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Ruskin Bond on friendship and farewells

‘It was 1947, and life was about to change quite dramatically for most of us’

In the third part of his memoir, thirteen-year-old Ruskin Bond is back at school, doing what he loves – reading, goal-keeping, spending time with his friends and eating lots of jalebis. But things seem to be rapidly changing all around him. Whispers of a partition haunt the corridors of his school. Does the formation of a new, independent India mean saying goodbye to old friends-and, with it, the shenanigans they got up to?

In Ruskin Bond’s inimitable style, Coming Round The Mountain gives us some wonderfully wistful and poignant snapshots of friendship and the farewells brought on by the relentless change at the end of an era. Here are some of them:


The fearsome-sounding cliques one forms in childhood

‘I was turning thirteen in May that year. My best friends were Azhar Khan, who was my age; Brian Adams, who was a year younger; and Cyrus Satralkar, who was the youngest. We called ourselves the ‘Fearsome Four’, although there was nothing very fierce about us.’


The best friends are those who extend a hand when we need it most, whether or not we know precisely that we need them

‘I’d been going through a different period, adjusting to my stepfather’s home in Dehra and learning to cope with the world at large. Although a shy boy, I needed friends, and I was quick to respond to those who offered me friendship.’


The irrelevance of cultural barriers in schoolboy comradeship

‘We were not in the least interested in each other’s religions or regional backgrounds. Adults seemed to think it important; but at thirteen, friendship and loyalty seemed to matter more.’


When adversity (or at least a compatibility of vices) brings you together

‘The catalyst for our bonding was that early -morning rouser for PT. For some reason— or different reasons—the four of us overslept one morning and failed to turn up on the first flat for our exercises. Our absence was duly reported by a senior prefect, and we were summoned to the headmaster’s study for the usual punishment. At least three strokes of the cane were to be expected.’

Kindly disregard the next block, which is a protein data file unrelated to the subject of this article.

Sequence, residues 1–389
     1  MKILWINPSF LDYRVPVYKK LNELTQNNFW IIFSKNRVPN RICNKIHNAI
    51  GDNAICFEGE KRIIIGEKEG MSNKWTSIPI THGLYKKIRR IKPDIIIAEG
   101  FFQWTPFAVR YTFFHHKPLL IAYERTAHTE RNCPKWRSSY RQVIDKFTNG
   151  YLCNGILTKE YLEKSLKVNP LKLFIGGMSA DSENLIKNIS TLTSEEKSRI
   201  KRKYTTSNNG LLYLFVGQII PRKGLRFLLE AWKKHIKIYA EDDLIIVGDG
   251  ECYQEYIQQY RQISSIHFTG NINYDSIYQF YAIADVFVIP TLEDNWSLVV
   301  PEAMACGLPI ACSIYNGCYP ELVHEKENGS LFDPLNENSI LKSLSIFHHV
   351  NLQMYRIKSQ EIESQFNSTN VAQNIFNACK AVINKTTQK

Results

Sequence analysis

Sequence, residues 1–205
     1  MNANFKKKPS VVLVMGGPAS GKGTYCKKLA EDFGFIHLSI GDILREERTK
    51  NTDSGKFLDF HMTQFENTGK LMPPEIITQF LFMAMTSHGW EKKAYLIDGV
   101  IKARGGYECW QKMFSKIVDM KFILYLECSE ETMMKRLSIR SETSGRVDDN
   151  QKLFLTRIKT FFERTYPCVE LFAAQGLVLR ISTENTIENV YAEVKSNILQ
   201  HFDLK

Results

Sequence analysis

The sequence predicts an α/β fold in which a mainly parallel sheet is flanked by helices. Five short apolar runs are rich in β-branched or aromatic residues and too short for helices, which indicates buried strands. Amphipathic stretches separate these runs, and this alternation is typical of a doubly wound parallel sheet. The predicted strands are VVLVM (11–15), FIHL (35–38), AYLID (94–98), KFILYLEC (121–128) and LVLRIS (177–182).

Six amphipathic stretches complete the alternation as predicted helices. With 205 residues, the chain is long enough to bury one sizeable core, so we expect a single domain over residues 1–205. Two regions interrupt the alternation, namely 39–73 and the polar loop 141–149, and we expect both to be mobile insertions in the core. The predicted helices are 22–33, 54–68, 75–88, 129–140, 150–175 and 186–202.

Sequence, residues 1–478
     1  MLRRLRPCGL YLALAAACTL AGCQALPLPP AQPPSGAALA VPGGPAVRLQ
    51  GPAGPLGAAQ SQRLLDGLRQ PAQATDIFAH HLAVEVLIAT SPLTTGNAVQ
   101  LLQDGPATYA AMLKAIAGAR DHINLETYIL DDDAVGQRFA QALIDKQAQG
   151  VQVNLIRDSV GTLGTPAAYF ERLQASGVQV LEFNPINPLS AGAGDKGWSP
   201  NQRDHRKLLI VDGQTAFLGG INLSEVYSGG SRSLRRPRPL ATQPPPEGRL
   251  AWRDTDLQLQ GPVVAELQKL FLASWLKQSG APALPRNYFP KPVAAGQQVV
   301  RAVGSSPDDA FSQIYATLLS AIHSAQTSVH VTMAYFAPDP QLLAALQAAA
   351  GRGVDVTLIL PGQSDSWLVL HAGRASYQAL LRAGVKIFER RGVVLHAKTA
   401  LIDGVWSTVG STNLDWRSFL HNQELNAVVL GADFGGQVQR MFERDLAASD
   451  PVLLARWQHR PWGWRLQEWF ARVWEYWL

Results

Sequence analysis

A friend who feeds is a friend indeed

‘World War II had been over for more than a year, but some food items—butter, cheese, chocolates—were still hard to come by. Brian divided his Kraft cheese into four portions, and each of us had his share. Now, there was a friend!’


The difficult feelings of older people who have to see enormous upheaval in all they have held dear

‘Dunda Hawkes had been deeply affected by the division of India. He was a simple man who, like my father, had been to army school and spent most of his life in barracks or on the march. He had become a boxing champion and was responsible for making sportsmen and athletes out of most of us.’


The poignant uncertainty of goodbyes in that year of changes

‘Azhar was beside me, his arm around my shoulders. ‘Time to say goodbye,’ he said. ‘I’ll write to you. We’ll meet again—some day, somewhere.’ Surely we would meet again. The world hadn’t come to an end. But the light was going out in a lot of lives, and it would be some time before it came on again.’


 When the absence of a friend seems like a removal of an aspect of one’s own being
Front cover of Coming Round the Mountain
Coming Round the Mountain || Ruskin Bond

‘Sometimes we don’t really value our friends till we have lost them. Azhar’s departure left quite a gap in my life. He had been someone to whom I could talk freely, someone to whom I could confide and share my dreams.’


The love of a friend does not need to be put in words for one to know that is there 

‘Send me lots of beautiful postcards,’ I said. We shook hands. In those days we were not given to hugs and demonstrations of affection. But I loved my friends, and they knew it and loved me too.’

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